In an exciting mainstream media report yesterday, NBC News highlighted a groundbreaking new development from the lab of Dr. Raphael Mechoulam, the godfather of...

In an exciting mainstream media report yesterday, NBC News highlighted a groundbreaking new development from the lab of Dr. Raphael Mechoulam, the godfather of cannabis chemistry: cannabinoid acids.

Dr. Mechoulam, an organic chemist and professor of medicinal chemistry based at the Hebrew University in Jerusalem, led the first team of researchers to discover and synthesize the two primary medicinal compounds in cannabis, CBD and THC, back in 1963 and 1964, respectively (1). He began the first clinical trials on CBD and epilepsy in 1980, but it would be nearly 40 years before FDA approval, in the form of GW Pharmaceuticals’ Epidiolox, would grant access to patients seeking better treatment alternatives in 2018 (2).

On Monday, while presenting at this year’s CannMed Conference in Pasadena, Calif., Mechoulam and his team announced that they had “developed a process for creating synthetic, stable acids” ready to be licensed for drug development and subsequent research.

Until now, acidic cannabinoids, including THCA and CBDA, have been notoriously difficult to source and sustain. These raw-plant compounds are the primary constituents of the cannabis plant—with “activated” molecules only popping up in small numbers—and are readily converted into their neutral forms, THC and CBD, with the addition of heat and time, a process known as “decarboxylation,” making stable formulations easier said than done (3).

Cannabinoid acids have shown great therapeutic promise without risk of intoxication, in the case of THC, and with greater water solubility and bioavailability than their activated progeny (4, 5).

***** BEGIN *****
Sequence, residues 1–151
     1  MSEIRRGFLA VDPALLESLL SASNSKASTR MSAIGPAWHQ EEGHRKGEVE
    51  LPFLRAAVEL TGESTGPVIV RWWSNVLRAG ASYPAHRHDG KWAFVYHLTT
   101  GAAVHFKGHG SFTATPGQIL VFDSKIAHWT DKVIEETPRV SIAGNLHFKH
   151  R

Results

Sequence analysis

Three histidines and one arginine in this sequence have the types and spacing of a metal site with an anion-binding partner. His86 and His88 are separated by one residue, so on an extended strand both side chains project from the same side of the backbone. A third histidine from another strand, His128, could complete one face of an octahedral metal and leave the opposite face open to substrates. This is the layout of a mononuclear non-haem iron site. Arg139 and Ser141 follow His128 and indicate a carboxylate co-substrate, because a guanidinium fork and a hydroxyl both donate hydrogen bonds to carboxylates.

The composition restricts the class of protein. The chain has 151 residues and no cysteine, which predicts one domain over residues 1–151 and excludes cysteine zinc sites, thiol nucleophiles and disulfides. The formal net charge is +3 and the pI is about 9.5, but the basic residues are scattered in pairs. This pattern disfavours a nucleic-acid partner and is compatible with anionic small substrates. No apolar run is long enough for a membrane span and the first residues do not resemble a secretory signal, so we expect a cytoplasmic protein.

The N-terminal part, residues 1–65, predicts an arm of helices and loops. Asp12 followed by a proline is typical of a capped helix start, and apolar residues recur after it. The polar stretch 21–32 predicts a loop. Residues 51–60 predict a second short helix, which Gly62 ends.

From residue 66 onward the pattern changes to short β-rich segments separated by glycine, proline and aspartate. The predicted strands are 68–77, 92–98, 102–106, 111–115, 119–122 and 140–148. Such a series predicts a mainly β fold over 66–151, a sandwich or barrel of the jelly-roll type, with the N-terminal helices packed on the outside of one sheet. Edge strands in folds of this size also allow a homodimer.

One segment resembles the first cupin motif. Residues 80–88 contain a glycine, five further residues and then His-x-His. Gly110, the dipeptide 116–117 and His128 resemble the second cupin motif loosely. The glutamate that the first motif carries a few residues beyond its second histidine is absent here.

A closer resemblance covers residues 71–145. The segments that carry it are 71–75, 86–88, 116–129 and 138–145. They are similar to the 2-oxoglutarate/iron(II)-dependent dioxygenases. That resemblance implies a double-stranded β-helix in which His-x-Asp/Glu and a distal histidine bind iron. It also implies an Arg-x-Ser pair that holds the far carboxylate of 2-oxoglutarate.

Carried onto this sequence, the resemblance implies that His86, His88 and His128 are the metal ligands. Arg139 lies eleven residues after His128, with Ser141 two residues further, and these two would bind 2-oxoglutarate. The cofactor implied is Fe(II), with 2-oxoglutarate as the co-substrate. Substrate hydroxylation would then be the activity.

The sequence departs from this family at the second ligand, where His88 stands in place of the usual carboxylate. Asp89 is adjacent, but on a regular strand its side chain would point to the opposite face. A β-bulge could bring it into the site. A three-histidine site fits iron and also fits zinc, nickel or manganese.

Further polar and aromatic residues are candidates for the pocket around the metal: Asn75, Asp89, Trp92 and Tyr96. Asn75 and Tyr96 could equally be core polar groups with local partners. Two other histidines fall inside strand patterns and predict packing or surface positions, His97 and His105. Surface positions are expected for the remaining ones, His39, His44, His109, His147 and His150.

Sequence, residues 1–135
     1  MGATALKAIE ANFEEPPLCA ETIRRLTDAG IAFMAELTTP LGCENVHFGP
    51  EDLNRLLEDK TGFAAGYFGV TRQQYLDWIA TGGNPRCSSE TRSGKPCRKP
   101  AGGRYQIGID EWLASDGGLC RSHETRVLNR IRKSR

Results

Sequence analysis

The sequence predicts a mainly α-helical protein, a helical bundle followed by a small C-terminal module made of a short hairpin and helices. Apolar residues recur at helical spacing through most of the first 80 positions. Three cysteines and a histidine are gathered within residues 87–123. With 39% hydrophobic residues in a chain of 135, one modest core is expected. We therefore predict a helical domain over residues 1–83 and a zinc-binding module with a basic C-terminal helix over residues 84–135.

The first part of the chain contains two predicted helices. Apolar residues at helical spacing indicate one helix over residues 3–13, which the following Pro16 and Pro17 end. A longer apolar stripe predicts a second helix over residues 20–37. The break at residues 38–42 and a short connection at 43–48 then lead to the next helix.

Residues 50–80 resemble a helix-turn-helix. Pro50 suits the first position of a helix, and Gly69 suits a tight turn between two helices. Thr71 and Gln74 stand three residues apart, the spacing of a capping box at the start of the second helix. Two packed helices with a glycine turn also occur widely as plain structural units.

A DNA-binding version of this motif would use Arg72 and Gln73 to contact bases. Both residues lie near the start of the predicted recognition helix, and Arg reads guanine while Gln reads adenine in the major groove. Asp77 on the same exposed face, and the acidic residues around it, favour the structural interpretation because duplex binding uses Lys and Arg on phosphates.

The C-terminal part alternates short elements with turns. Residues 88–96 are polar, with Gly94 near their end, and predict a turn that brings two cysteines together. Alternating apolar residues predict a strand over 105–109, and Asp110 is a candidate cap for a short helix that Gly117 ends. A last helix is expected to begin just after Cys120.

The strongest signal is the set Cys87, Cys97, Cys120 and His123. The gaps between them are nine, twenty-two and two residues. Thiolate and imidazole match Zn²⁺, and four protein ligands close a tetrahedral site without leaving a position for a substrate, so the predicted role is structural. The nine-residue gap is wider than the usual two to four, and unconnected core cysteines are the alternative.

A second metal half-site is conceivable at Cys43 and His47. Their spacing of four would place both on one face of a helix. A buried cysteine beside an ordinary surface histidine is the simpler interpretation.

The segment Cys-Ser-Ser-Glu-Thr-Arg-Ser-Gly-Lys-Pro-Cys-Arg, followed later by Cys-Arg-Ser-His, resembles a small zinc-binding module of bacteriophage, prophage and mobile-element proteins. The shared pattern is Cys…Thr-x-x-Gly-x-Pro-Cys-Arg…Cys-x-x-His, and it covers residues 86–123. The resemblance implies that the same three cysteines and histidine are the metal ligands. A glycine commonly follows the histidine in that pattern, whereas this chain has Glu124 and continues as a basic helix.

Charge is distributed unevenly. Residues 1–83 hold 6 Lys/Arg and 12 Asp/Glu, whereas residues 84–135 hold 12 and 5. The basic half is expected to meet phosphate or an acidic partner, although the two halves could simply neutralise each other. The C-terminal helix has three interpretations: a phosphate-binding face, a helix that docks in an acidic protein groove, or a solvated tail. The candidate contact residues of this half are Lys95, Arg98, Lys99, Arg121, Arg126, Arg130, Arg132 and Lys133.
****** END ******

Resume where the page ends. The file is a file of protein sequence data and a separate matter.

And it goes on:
For example, as the NBC article pointed out, researchers at the University of Guelph have shown CBDA to be “1,000 times more potent than CBD in reducing acute nausea” (6) and this raw compound also demonstrates remarkable COX-2 inhibition that could prove valuable in reducing inflammatory pain without the risk of gastrointestinal injury, as is seen with NSAID applications (7).

One of the most beneficial aspects of THCA is its ability to act therapeutically without the intoxicating effects associated with THC, leaving more wiggle room in its therapeutic window. Additionally, THCA has demonstrated potent neuroprotective benefits in an in vitro model of Parkinson’s disease and exciting antineoplastic (anti-cancer) results in several prostate and breast cancer models (5).

According to the NBC article, Mechoulam’s research on acidic cannabinoids is in partnership with “a startup called EPM, six universities in Israel, the U.K. and Canada, the world’s largest topical cream company, and a publicly traded laboratory company”—the U.S. is still out of the picture due to restrictive research access and the prohibitory scheduling of cannabis compounds. As EPM co-founder, Reshef Swisa, expressed to NBC, he sees the first applications for the acidic compounds likely going towards topical products targeting symptoms of psoriasis with an eye on Phase 1 FDA testing within six to twelve months.

While this news is encouraging, FDA approval doesn’t move quickly and there are still many years ahead of us before we see a marketable product from the pharmaceutical industry making its way into the hands of the people who need it now. A good reminder that all you need is access to the raw plant and a juicer to find relief today.

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